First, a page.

• Gerd Bohlender, Christian Ullrich, Jürgen Wolff von Gudenberg: Pascal-SC: A Computer Language for Scientific Computation Academic Press 1987, ISBN 0-12-11155-5


Tutorials and other learning material


Early on most Pascal implementations were based on code from ETH so even if they derived from the original "The Programming Language Pascal" book, code remained fairly portable as most changes were additions rather than base changes. UCSD Pascal, an extended interpreter based on an earlier ETH version became very influential especially in the USA, initially a commercial system but was later found to be in the Public Domain as it had been developed with funds from the public purse and was therefore taken on by a number of companies as the base for their systems, most notably Apple that used it and home built derivatives as the main development tools for the Apple III, Lisa and Macintosh. Similarly Microsoft used UCSD not only as the basis of their Microsoft Pascal offering but based their in house C compiler on the package.

The main obstacle to the propagation of Pascal standards has been Turbo Pascal, it was originally a CP/M compiler that implements a Pascal subset in assembly code in order to work with the extreme memory constraints of the 8 bit Z80, cutting a lot of corners to make the system faster to work with. When it was ported to DOS it was more or less a straight port that took no advantage of the larger memory capabilities of the IBM PC. This is in some ways understandable since the 8088 equipped PC/XT, although capable of directly addressing a much larger memory space than the Z80, is really an 8 bit processor in disguise and was a dog speedwise, in real terms slower than many of the Z80 systems it replaced so sacrificing code quality and features for compilation speed made some sense on these early systems.

Due to its low price in addition to good support and marketing by developer Borland it became not only by far the best selling Pascal implementation on the planet but the best selling development system of any sort for the next decade. In order to leverage its position in the market Borland decided to scrap the development of the next generation multi language system that they had been working on for some time that featured an ISO compliant Pascal (although it resurfaced later as TopSpeed Pascal and was the basis for the other TopSpeed compilers as well) and continue with the Turbo Pascal line that had established itself as a de-facto standard, and add some extensions taken from Apple's Object Pascal and some changes that allowed better compatibility with C headers and development systems.

This left us with Borland Pascal and Delphi, that manage to be both Pascal subsets and supersets at the same time, lack portability and have become somewhat muddled, with inconsistent syntax, lacking the coherence and simplicity of the ISO standards in addition to imports from C/C++ that look out of place and should really have been implemented as libraries rather than language features. This "divide and rule" strategy was initially successful as both systems sold well for a time and almost all commercial and open source tools developed since ape the Turbo Pascal/Delphi syntax rather than ISO Pascal, but in the long term it became a disaster, especially the decision to scrap the multi-language compiler which was a tool the company had to recreate later at a considerable cost and it is one of the reasons the Borland company no longer exists.

  • A list of Pascal standards from the Pascal Central site, the site also has the texts of most of them.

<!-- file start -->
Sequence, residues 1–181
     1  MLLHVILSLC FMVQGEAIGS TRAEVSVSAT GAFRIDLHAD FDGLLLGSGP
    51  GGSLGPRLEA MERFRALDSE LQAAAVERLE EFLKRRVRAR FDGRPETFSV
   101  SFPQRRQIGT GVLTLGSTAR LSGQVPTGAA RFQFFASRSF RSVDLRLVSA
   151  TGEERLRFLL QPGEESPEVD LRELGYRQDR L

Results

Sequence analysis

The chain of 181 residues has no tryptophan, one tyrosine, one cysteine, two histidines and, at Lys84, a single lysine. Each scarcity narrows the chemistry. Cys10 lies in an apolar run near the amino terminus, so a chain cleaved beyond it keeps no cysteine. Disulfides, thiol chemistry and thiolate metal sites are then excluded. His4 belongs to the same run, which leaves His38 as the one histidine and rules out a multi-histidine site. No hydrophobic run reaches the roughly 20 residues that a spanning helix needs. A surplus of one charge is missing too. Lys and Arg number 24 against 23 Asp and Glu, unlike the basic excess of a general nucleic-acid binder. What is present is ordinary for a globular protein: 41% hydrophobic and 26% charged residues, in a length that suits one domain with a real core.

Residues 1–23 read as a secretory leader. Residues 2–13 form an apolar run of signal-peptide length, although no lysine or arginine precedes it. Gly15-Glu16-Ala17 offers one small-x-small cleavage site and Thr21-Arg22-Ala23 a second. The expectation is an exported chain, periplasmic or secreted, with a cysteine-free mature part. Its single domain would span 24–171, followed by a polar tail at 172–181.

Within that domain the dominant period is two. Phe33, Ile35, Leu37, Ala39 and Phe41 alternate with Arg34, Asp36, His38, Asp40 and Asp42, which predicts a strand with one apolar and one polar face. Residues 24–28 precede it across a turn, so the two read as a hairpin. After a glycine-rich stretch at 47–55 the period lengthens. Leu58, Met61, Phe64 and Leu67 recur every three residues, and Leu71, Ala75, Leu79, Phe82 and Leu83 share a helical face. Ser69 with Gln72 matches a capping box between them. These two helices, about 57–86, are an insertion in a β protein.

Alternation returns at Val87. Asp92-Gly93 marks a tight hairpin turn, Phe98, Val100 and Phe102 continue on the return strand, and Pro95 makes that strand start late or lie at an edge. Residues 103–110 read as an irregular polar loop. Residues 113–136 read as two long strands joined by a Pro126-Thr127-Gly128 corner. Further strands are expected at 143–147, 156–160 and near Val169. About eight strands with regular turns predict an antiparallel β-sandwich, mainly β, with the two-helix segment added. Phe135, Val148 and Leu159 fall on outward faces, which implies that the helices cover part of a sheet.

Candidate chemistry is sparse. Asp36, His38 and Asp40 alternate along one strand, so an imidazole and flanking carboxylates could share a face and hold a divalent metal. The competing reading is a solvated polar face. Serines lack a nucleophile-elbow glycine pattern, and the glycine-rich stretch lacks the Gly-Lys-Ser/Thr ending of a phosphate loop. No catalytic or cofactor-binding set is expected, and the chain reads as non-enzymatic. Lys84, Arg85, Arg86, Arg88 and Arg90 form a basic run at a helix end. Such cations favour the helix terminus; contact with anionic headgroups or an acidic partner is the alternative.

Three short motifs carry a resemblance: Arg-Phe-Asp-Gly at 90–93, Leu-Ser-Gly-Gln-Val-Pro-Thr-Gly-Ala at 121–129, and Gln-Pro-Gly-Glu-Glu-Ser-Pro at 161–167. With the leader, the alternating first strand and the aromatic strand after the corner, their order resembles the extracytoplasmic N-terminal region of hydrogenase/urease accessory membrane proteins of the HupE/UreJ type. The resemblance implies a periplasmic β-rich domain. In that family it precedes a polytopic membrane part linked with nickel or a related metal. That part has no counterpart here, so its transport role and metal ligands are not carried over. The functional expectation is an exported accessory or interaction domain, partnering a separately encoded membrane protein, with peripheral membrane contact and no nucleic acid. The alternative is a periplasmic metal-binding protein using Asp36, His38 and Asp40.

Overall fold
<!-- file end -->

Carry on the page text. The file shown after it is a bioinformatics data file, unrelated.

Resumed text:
• Initial "standard" was simply the 1970 edition of the book "The Programming Language Pascal" by Niklaus Wirth.
  • The Pascal-S subset, is not as often reported a "educational subset" of Pascal, but rather a minimal version of the language that ran much faster on the ETH CDC computer than the full blown Pascal system, allowing students a better chance of getting their programs compiled and run on the system than with a full compiler kit. Language report to be found here.
  • The original Pascal report got a few revisions such as the 1972 and 1973 edition of the book "The Programming Language Pascal (Revised)" by Niklaus Wirth.
  • UCSD and ETH P4 interpreters become de-facto standards with most Pascal implementation following the one or the other.
  • ISO 7185 Pascal is basically ETH P4 with some clarifications and minor changes, it was ratified in 1982 and received some further changes in 1990 primarily to enhance compatibility with ISO 10206, and is in common usage referred to as "Standard Pascal". It had a strong following for a while but ISO compliant programming tools are getting thin on the ground these days due to the popularity of TP compatible tools.
  • ANSI ratified a standard in 1983 that was based on the "home grown" UCSD Pascal but deferred to ISO Pascal in regards to the base language, this was largely ignored and no-one appears to have released tools based on this standard, but the ANSI standards group merged with an IEEE Pascal standards group and they collaborated with the ISO standards committee over the next few years resulting in the "Extended Pascal" standard below.
  • The Open Group added their own clarifications and minor additions to ISO for increased code portability in the Product Standard for Operating System and Languages: Pascal Language
  • ISO 10206 was ratified in 1990 and is commonly known as "Extended Pascal", it adds expressions, the module system and separate compilation from Modula-2, non-static types, mathematical types and a whole host of other primarily minor goodies but also makes some of the syntax more flexible.
  • The Object Pascal variant that was used in Apple Pascal and Borland Pascal/Delphi has never been standardised and most implementations simply ape the Apple syntax and later Borland additions. There was an attempt in the early 90s to create a standard but as Apple was switching to C in wake of their collaboration with IBM on PINK and Borland had no interest in what they saw as a tool to help their competitors create compatible systems, so the attempt floundered due to lack of industry support.
  • In 1993 object-oriented extensions for Standard and Extended Pascal were proposed, you can read proposals here